Lying down on the job? New desk configurations include one that goes horizontal
Since entering the workplace I have seen more and more people stand while working. I’ve always thought how uncomfortable that must be to stand all day. At AMPED I’ve seen a few of my colleagues hack their own standing desks, while some have adjustable desks. All the hype about standing verses sitting, and now even lying down, at work made me wonder what’s really the best for you?
Standing vs sitting research
Over the last decade there have been numerous studies conducted on the health benefits of standing while working, including lower blood sugar and cholesterol levels. This is because when you are standing you are using muscles in your legs and abdomen which consume sugar and can lower cholesterol. In addition, researchers suggest too much sitting leads to more disability as we age and can even shorten our lifespan. As a result of these findings, there has been a 50 percent increase in sales of standing desks over the last year. Standing desk manufacturers are pushing the common belief that their product will eliminate the “sitting disease” and health problems caused from sitting an average of nine out of 14 waking hours each day.
Sitting vs standing research
While many organizations are following the “trend” of standing desks, can they be sure they’re receiving the right message? Occupational health specialists now fear that many office workers have taken research suggestions too far. Specialists are finding many workers believe standing in one place, rather than sitting, will improve their heart, reduce weight, and fight off other negative effects associated with sitting too much. However, they caution that standing all day is not the best answer. Prolonged standing can lead to issues such as curvature of the spine, varicose veins and backaches. Researchers state that although standing does burn a few more calories because our heart has to work harder to circulate blood, it also puts more strain on our back, joints and veins.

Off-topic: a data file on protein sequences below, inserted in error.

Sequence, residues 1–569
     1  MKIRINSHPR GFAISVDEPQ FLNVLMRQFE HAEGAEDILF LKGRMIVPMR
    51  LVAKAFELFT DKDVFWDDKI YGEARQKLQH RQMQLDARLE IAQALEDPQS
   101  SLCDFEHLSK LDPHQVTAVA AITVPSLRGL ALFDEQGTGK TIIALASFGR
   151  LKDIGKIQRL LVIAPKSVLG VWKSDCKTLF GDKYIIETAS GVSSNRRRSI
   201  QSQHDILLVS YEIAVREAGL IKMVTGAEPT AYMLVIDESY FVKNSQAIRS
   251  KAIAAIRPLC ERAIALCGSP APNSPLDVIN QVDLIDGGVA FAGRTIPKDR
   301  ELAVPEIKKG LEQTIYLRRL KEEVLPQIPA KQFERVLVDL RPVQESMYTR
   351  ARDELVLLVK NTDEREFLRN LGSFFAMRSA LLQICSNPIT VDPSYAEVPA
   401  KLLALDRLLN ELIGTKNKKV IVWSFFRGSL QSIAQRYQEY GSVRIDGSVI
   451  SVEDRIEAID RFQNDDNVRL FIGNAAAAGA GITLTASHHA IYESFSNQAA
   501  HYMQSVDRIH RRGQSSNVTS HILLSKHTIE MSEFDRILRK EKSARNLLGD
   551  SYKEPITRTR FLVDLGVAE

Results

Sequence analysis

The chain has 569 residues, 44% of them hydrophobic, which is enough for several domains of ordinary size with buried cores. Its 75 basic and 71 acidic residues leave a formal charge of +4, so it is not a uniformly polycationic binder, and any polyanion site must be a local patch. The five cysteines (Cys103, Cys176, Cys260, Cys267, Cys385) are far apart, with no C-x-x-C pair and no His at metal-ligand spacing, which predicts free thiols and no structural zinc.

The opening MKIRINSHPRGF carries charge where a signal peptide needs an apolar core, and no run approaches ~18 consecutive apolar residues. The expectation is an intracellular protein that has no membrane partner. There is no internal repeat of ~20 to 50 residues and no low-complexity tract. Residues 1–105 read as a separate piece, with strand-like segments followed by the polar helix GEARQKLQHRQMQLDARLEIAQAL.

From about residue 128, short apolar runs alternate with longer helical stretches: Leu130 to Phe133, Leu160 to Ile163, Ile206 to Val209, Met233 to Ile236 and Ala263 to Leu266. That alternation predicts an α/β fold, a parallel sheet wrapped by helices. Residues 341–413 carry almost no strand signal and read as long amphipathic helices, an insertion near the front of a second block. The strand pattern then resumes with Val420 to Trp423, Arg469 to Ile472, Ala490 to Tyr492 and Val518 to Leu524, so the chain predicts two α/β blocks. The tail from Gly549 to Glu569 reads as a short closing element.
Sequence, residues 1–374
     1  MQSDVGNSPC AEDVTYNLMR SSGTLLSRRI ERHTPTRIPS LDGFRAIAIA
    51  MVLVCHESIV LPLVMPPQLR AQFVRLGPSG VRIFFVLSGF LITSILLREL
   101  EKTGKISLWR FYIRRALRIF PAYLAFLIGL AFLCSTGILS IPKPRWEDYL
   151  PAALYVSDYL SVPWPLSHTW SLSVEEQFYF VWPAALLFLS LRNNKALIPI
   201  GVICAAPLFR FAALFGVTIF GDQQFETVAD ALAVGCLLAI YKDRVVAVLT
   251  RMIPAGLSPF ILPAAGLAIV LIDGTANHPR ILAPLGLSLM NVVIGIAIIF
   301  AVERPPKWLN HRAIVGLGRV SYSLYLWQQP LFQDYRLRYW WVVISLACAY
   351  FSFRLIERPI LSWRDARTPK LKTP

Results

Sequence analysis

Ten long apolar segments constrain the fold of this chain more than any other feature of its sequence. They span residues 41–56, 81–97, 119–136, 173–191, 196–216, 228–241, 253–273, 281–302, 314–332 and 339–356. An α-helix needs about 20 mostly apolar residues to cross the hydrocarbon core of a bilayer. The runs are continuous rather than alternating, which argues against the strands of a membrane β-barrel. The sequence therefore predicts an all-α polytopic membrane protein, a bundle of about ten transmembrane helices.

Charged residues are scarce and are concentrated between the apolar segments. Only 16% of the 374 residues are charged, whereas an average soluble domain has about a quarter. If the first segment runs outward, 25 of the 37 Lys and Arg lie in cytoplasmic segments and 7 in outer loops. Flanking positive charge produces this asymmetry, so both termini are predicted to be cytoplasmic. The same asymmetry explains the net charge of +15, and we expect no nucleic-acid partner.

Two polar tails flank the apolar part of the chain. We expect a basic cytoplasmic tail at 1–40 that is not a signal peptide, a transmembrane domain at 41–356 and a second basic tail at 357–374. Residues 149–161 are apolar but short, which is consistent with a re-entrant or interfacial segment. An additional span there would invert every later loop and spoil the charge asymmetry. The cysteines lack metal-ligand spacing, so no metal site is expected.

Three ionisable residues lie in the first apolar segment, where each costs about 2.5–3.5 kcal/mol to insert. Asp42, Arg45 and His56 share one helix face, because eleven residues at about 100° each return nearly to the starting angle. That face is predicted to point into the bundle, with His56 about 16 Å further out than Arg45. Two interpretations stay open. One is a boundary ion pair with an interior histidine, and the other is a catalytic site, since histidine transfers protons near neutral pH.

And lastly, lying down
Recently introduced to the market is the Altwork Station. This workstation allows users the flexibility to sit, stand and lie down using four modes: standing, collaboration, regular and focus. However, they are really pushing the “focus” mode, when the chair is completely reclined and the desk and monitor follow. The idea behind the Altwork Station is that individuals need multiple configurations throughout the day to complete different tasks. More specifically, individuals need the product’s “focus” mode to complete tasks they need to intensely focus on. The main drive behind this creation is that the way people sit at desks hasn’t evolved since the late 1800s and that today’s workers need a variety of positions in order to increase efficiency.
So what’s right?
Unfortunately, I can’t give you this answer. Studies have not yet determined how much standing verses sitting helps in regard to your health. Research is still being conducted to try to find the answer for all of us desk users. Until an answer is determined, it is recommended that workers incorporate a combination of sitting, standing and walking. Researchers are suggesting that, instead of standing still or sitting all day, we sit 20 out of every 30 minutes at work, stand for eight minutes, and then move around for two. For some of you this may sound easy; others may find this pretty challenging! For those who are up for this 20-8-2 challenge, set an alarm on your phone or a timer on your computer to follow these guidelines. And hey, if you are successful with this it means you will be standing up and sitting down 32 times in a workday which has benefits of its own. For those of you who are not up for this challenge, try to increase your movement throughout the workday by planning a walk at lunch, taking a lap around the office, getting up to fill your water bottle, or, for us at the AMPED headquarters whose historic building has no elevator, climbing all of the stairs to our third-floor office.